If you have type 1 diabetes, you probably know that you’re in it for the long haul. No diet, nutrition, or exercise plan is getting you out of this one. Our only hope for a life without insulin injections is a cure. It’s a wonderful idea, but I’m not holding my breath.
I frequently hear people in the diabetes community describe how often they’ve been told that a cure is “only five or ten years away.” Friends and family are always forwarding me news about diabetes cure breakthroughs. They’re exciting and I appreciate them, but they are always in trial stages. While there do seem to be a lot of cured mice, the “cures” are never in the human treatment stage.
After nearly 18 years of diabetes, a cure seems as much a fantasy to me as winning the lottery and vacationing with Bret Michaels on a tropical island. I realized a few years ago that I needed to focus on accepting my diabetes and not rely on the frequent rumors of a cure.
Of course, if a cure should ever present itself, I want to be in good shape to accept it. I try to remain healthy as the years pass by. I was careless at times when I was young and felt invincible. I never really worried about complications until I got a little older and had a few more years of life with diabetes under my belt. I think about complications now, though, and I want to stay as healthy as possible.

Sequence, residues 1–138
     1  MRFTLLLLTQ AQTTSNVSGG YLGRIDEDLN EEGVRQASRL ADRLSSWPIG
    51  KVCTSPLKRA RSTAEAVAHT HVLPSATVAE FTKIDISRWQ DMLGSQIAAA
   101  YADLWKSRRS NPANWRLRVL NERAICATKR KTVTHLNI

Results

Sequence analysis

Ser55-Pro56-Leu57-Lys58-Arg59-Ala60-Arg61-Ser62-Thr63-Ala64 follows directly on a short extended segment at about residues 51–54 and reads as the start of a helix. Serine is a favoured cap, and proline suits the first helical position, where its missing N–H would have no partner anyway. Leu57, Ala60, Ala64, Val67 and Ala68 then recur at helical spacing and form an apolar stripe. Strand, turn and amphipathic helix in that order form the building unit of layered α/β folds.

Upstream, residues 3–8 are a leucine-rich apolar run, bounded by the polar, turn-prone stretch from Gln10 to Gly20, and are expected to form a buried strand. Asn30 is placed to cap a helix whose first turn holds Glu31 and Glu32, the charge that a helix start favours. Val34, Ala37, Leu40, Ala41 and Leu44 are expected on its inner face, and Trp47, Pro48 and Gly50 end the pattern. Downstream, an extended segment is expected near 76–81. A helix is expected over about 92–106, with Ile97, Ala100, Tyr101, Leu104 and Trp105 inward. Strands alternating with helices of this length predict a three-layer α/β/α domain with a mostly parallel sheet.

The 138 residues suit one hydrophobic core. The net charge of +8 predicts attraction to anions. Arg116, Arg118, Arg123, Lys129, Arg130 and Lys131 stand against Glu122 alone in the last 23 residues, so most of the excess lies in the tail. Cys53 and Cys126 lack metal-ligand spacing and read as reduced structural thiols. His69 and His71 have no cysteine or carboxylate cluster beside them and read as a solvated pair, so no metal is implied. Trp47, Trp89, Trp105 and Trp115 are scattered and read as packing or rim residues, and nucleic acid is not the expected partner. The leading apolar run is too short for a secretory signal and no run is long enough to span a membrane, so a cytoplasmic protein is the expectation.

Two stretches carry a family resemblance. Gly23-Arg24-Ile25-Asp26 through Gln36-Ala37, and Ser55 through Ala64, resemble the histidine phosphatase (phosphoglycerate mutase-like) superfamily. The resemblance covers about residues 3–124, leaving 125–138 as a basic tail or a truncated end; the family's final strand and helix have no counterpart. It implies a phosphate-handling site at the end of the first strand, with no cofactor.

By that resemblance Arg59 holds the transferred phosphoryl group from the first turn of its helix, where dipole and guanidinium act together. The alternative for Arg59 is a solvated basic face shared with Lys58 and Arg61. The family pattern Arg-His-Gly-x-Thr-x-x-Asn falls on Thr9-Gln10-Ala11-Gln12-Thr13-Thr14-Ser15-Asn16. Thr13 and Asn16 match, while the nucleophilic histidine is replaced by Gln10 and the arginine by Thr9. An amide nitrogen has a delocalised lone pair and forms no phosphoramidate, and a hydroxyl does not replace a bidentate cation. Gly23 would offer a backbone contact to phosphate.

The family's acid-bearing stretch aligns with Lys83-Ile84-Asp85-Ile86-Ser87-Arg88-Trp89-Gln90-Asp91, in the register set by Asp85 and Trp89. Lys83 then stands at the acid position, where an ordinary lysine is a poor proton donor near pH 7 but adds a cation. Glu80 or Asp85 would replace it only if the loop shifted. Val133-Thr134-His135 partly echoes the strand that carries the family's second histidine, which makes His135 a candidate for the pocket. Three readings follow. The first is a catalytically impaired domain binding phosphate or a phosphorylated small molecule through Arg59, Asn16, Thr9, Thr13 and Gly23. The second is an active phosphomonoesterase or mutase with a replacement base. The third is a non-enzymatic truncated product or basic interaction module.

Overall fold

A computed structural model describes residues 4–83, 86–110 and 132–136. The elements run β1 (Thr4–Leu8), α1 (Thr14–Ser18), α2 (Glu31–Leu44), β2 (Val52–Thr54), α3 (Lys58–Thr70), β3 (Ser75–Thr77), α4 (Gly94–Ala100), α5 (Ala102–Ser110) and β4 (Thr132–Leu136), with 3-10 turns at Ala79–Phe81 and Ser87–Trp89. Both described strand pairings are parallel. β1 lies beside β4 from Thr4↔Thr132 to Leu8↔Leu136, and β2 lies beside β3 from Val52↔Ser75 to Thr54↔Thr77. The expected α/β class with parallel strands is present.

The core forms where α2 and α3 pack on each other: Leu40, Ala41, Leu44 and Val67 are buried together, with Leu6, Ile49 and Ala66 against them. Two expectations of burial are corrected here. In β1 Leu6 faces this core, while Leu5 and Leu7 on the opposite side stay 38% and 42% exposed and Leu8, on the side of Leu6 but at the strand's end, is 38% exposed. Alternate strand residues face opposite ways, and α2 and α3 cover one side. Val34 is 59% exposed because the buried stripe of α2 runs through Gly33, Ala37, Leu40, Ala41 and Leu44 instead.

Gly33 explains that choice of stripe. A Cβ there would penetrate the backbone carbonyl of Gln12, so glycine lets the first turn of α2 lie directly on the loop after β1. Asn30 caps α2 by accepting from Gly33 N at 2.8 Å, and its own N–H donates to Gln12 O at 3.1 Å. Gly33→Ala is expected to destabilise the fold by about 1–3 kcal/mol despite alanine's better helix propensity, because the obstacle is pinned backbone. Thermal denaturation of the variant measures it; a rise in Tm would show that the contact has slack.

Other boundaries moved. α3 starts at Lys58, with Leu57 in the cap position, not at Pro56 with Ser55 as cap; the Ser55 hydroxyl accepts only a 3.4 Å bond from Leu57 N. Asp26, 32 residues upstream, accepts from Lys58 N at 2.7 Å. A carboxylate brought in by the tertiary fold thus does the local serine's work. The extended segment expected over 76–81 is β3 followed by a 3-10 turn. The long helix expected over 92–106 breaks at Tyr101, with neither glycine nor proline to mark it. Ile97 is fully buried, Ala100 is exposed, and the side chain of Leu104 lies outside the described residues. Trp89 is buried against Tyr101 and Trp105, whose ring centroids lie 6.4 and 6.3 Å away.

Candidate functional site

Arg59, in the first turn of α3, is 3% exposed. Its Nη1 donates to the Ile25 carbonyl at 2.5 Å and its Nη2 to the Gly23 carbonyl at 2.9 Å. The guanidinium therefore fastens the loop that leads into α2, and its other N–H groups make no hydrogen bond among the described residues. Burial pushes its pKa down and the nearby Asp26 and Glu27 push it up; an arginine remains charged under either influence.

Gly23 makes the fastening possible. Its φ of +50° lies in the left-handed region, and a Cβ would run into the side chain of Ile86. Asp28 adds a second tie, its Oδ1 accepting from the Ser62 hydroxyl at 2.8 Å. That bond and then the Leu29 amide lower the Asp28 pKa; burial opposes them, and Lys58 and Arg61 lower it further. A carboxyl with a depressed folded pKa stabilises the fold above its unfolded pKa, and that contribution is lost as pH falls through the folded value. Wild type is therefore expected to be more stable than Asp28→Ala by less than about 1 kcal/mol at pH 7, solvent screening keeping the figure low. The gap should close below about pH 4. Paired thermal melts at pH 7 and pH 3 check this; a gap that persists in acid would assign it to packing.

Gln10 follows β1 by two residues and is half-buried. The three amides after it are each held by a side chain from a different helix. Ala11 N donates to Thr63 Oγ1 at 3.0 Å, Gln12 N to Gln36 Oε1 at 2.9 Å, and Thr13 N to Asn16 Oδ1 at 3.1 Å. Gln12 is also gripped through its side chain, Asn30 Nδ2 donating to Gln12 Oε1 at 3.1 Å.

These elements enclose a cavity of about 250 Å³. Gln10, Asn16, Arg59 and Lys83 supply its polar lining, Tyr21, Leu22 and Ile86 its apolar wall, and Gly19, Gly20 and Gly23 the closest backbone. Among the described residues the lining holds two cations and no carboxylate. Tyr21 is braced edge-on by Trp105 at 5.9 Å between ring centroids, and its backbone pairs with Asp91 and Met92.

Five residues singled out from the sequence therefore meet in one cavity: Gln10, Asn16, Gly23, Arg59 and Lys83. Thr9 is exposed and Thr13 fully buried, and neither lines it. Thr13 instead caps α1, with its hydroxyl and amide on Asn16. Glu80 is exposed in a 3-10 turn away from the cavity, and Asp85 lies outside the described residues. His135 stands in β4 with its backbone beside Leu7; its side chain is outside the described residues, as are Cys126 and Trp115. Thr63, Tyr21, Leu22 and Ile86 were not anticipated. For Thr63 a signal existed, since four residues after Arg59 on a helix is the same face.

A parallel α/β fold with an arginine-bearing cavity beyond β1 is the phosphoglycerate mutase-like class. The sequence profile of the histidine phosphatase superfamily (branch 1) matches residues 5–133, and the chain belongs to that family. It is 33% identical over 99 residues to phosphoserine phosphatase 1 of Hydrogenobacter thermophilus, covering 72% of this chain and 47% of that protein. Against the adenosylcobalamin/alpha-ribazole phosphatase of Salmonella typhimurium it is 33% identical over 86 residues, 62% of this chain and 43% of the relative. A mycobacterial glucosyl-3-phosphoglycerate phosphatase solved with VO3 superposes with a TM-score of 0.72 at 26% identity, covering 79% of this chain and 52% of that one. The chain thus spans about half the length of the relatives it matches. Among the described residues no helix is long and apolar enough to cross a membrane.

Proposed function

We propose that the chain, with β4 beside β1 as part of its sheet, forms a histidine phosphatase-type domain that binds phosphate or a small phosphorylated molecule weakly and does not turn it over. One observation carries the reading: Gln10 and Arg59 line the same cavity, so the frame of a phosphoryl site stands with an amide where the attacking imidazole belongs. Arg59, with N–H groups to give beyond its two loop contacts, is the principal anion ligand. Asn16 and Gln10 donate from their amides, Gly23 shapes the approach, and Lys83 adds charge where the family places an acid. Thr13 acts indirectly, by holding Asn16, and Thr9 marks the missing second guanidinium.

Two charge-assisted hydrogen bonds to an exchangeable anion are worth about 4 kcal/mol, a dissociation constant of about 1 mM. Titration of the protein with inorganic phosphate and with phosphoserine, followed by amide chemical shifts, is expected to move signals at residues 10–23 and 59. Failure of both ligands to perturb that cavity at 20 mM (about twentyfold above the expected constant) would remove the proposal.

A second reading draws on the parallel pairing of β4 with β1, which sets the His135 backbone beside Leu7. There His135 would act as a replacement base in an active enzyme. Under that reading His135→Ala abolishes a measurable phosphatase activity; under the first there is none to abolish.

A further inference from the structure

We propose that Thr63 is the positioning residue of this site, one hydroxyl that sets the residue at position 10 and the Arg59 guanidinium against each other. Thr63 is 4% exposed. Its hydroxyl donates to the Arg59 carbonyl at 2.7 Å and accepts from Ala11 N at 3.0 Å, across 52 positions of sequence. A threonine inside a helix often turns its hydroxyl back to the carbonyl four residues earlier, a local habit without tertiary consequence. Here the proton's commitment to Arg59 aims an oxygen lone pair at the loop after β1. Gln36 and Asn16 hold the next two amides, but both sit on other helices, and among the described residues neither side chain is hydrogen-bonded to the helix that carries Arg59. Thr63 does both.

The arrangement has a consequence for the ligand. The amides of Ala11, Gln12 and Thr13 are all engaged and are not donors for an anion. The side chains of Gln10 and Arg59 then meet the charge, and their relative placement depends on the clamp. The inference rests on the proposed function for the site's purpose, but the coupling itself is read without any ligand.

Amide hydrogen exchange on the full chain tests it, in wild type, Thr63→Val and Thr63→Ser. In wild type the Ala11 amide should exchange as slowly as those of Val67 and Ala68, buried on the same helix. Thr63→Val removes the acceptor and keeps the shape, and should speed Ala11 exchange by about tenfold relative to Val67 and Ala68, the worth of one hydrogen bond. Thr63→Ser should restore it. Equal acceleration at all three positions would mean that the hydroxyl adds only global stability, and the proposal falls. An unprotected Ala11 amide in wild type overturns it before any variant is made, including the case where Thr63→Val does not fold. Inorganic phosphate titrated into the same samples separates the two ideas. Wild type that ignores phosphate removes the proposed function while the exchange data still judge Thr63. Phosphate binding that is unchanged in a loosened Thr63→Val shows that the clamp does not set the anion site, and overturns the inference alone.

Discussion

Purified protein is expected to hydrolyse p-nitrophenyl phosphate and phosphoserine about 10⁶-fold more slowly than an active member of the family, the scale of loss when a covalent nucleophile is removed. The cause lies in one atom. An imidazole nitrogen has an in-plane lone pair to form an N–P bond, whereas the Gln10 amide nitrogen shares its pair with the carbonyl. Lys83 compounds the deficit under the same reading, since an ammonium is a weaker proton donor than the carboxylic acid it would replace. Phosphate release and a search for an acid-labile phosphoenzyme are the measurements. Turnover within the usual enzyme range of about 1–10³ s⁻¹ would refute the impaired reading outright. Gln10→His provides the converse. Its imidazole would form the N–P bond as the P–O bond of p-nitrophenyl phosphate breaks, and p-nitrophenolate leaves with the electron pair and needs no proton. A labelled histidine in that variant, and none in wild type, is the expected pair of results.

If they don’t cure us during our lifetime, we have to focus on what we do have. We have each other. There is a place for every single one of us in the various diabetes groups, be it online or local. We have technology that gives us easier and better care year after year, and we have more flexibility with our diet than ever before. When I was diagnosed, it was all about limitations, but now I can count my carbs and take my insulin without worry when I want something sweet.
In all honesty, I sometimes dare to dream about the day they cure diabetes. I’d love nothing more than to be here to see it. I’ll continue to donate and fundraise for a cure because, more than anything, I hope that someday it becomes a reality. But for now, even without a cure, my life is good, despite the multiple daily injections, despite the low and high blood sugar extremes and the mood swings that generally accompany them. Life is good despite my diabetes, and when “D” really gets me down, I’m thankful that I have you to lean on.